Over the past 20 years, some women and minorities have moved from demanding not just respect, but cap-doffing deference. On this point, I’m reminded of my father’s 1951 attempt to get an Australian immigration official to use his courtesy title. “That’s not how we do things in Australia,” came the response.
Ironically, my father’s slip (he never did it again) in what is an intensely egalitarian country is indistinguishable from demands by academics and professionals – directed at social inferiors like college porters and airline cabin crew – to use post-nominals or academic titles, to listen rather than speak, or to speak only after ‘people of colour’ have spoken without ‘invalidating’ their ‘lived experience’. Every time I see this, I cringe at the absurd entitlement. I say ‘entitlement’, because high intellect and the executive function needed to make the most of it are inherited in the same way as a grand country estate: from your mum and dad.
Even worse, no-one is safe. Think, for example, of teacher Kate Clanchy. As many people will know, Clanchy is a liberal-left, pro-refugee writer. She’s also undergoing a particularly nasty cancellation over word choice in her Orwell Prize-winning memoir, Some kids I taught and what they taught me. Anthony Brett of The Telegraph provides what in my view is the best account of Clanchy’s tribulations, documenting an extraordinary conflagration that – as it leapt from literary tree to literary tree – threatened to consume Philip Pullman, the Society of Authors, and Picador (Clanchy’s publisher), as well as the author herself.
Clanchy provided kindling for her own bonfire by committing one of author-land’s unpardonable sins: complaining about a negative review. What made this notable was its age (published a year ago), and its presence on Goodreads. Goodreads reviews – like those on Amazon or Booktopia – are written by ordinary members of the public, not professional litterateurs. Taking issue with the people who write them is a bit like political canvassers arguing with constituents on the doorstep during election campaigns. You’re guaranteed to end up with an incandescently angry reader or voter. Unfortunately for Clanchy, the Goodreads reviewer accused her of racism, and – in part because of her politics – she objected.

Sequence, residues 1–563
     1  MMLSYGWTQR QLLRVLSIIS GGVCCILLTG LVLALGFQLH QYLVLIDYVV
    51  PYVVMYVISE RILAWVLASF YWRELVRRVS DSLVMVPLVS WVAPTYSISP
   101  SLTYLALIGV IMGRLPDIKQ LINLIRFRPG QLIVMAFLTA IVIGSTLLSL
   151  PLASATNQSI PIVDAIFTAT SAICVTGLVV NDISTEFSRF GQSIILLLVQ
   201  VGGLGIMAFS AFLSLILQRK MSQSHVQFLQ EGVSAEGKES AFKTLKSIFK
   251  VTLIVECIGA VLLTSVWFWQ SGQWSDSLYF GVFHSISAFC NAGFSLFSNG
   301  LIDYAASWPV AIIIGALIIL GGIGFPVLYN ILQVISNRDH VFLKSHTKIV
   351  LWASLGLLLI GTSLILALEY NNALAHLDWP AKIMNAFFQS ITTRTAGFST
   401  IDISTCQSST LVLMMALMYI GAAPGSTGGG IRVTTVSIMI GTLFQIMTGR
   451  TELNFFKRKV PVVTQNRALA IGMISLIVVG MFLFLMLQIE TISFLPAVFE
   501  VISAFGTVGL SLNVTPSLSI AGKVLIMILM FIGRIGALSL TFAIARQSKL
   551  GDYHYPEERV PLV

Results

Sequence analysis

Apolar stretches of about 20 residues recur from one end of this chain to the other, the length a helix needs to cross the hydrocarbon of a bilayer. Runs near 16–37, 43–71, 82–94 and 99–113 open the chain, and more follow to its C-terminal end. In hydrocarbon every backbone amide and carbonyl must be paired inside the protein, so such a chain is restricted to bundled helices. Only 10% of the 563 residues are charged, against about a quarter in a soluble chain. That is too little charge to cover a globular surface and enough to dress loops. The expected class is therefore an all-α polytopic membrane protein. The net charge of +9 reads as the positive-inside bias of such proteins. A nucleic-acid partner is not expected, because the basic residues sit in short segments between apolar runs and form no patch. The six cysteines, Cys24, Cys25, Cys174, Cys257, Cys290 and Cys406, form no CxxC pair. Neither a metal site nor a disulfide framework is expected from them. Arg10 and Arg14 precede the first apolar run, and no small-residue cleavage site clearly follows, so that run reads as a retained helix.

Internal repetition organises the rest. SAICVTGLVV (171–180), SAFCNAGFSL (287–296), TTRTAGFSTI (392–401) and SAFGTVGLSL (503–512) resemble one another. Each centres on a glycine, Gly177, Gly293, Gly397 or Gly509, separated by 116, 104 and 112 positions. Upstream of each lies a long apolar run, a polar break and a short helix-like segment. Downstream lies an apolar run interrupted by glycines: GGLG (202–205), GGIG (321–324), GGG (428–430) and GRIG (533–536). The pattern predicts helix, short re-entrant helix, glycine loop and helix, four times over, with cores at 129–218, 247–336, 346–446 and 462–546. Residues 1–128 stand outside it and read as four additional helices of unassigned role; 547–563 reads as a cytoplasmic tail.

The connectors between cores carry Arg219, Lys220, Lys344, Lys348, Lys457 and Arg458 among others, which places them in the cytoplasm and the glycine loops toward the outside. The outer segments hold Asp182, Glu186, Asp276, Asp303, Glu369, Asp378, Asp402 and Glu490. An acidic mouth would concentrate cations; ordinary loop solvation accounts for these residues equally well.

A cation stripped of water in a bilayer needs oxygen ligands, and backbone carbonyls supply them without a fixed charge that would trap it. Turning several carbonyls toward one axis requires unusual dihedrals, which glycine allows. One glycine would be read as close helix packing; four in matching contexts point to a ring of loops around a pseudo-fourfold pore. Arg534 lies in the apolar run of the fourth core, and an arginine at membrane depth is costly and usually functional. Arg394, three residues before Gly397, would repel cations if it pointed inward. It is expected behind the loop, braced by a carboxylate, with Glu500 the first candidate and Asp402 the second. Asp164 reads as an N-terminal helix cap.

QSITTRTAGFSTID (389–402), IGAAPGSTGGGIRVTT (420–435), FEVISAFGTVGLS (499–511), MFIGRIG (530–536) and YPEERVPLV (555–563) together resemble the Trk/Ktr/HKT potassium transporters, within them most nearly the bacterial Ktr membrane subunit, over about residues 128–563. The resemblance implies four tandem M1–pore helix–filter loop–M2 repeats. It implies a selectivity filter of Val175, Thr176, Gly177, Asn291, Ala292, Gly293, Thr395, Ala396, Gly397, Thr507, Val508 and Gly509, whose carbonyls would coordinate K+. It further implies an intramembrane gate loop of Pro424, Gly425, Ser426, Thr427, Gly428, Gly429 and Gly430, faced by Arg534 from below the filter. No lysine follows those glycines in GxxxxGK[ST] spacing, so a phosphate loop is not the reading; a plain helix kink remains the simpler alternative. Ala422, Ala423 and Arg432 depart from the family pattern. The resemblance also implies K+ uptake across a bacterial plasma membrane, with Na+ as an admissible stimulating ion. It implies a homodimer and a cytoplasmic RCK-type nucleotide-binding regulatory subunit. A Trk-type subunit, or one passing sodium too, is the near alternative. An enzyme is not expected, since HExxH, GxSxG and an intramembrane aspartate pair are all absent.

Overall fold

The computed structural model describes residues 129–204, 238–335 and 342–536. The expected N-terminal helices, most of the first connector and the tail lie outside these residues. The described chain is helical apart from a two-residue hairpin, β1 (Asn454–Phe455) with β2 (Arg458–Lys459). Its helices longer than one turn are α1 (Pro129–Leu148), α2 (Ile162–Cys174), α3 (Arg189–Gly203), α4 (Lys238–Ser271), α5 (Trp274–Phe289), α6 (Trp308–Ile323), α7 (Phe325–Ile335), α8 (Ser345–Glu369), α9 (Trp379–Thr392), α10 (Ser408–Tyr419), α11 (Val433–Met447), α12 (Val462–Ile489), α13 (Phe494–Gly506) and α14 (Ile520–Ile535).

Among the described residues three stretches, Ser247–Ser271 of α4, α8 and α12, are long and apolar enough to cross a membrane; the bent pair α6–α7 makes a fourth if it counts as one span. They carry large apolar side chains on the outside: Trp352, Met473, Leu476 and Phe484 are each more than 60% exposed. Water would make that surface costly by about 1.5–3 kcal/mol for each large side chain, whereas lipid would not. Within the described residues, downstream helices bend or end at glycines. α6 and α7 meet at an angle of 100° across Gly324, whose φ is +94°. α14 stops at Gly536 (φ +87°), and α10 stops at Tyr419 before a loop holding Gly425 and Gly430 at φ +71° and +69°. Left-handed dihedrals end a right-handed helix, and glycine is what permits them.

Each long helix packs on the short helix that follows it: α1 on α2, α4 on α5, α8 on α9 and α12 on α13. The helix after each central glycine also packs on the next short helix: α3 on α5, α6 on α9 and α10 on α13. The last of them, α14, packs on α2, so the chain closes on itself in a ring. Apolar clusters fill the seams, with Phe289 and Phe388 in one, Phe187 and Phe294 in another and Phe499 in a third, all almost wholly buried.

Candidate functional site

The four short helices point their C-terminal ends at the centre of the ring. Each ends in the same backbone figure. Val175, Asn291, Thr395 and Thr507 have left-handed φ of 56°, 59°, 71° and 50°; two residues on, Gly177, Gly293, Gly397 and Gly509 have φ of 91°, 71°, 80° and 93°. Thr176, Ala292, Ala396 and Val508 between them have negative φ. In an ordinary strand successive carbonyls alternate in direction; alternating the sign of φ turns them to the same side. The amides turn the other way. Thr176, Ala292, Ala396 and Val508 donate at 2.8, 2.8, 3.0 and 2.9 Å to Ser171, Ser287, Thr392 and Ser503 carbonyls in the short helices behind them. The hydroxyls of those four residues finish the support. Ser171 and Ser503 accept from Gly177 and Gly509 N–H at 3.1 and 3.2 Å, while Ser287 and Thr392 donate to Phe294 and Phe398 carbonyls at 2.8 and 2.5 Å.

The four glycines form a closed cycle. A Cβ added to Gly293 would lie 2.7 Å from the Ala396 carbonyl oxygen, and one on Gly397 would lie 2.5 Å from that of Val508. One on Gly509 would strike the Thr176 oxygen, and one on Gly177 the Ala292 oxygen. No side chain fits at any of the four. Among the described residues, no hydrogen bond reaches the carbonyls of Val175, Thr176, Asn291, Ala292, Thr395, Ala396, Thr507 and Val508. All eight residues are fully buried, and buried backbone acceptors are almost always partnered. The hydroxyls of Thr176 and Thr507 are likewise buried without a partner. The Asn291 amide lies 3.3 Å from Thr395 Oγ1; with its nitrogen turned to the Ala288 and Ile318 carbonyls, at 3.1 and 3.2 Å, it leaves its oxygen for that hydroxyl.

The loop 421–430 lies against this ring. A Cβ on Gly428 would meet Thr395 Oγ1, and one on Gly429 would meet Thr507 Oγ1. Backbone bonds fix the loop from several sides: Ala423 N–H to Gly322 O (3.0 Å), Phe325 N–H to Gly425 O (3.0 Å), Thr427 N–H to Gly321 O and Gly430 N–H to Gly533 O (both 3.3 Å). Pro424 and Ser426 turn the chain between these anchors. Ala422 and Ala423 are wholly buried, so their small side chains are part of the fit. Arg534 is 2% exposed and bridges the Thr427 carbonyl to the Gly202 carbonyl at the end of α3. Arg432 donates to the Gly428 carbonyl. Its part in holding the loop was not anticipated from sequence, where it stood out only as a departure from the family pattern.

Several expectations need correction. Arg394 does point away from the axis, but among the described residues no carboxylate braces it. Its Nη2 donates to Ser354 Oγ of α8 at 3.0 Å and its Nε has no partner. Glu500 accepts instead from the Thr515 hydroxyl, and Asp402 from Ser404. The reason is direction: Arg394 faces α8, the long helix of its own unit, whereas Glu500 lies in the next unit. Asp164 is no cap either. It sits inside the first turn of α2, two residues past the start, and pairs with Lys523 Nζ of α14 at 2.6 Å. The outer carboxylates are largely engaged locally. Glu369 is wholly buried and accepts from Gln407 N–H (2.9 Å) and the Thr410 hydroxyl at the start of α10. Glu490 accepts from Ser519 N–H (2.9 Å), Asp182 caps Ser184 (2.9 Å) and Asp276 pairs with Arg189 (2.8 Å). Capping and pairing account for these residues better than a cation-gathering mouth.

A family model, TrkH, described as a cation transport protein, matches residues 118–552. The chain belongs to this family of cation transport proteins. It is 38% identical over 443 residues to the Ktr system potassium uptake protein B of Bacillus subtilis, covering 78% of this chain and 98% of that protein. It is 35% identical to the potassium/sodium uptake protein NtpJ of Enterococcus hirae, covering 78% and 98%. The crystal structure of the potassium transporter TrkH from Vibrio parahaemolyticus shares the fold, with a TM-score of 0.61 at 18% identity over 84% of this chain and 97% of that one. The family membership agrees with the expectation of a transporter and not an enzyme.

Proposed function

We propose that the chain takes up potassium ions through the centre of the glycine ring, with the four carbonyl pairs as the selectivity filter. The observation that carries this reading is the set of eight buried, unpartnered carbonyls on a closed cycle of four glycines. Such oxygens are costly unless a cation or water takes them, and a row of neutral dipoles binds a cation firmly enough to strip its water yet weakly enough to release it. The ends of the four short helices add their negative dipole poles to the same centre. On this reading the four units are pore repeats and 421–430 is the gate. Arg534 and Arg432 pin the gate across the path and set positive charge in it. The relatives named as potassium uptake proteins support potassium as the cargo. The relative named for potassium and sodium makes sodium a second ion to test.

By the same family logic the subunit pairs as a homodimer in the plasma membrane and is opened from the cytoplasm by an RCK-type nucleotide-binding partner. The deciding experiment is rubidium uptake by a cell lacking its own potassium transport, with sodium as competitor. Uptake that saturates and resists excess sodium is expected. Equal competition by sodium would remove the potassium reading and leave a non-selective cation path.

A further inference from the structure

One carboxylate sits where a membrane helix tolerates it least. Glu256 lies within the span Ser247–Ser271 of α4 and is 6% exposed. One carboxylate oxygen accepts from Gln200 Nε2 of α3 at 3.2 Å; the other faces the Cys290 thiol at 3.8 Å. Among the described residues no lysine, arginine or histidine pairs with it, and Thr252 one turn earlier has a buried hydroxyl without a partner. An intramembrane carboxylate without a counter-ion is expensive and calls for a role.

One of the noteworthy features of contemporary cancellation is how often it’s directed at figures on the liberal left: JK Rowling being the most famous example. Yes, Wokies will take down a Tory if they can (think Sir Roger Scruton or Toby Young), but lefties of every stripe are vulnerable to deference demands precisely because they take the slurs seriously. If I’m accused of racism or some sort of phobia, I assume it’s in bad faith and ignore it. The only time I’ve risen to the bait was in response to an allegation of homophobia. I suggested “self-hating lesbian” was the phrase my interlocutor was after. Clanchy, by contrast, grovelled and promised re-writes. So did Picador.
In Clanchy’s case, the ongoing attempt to create a woke version of Louis XIV’s courtly etiquette – with its focus on words at the expense of deeds – was exposed for the vacuous drivel it is on Sunday.
Shukria Rezaei, one of her star pupils, waded into the national press, partly to defend her teacher’s language, particularly the phrase ‘almond eyes’, which Clanchy’s critics have decided is a racial stereotype. But Rezaei also wanted to point out that Afghanistan’s Hazaras – she is one – are in mortal peril. ‘I am that girl with the almond eyes,’ she wrote. ‘I am currently writing my master’s thesis on their genocide. For Hazaras, “almond eyes” is a beautiful reference, widely used in our poetry and to proudly describe ourselves’.
Writers attempting to control how their work is reviewed is the flipside of Wokies attempting to control how minorities are portrayed in that work. Neither is possible; doing so requires entering other people’s minds to control their thoughts, ‘opening windows into men’s souls’. Once a book is out in the world, it belongs to the reader, for all that the words therein were the writer’s choice. That said, both the pain and privilege of working with one’s pen for a living is the ability (and right) to say, ‘I’ll choose my words’.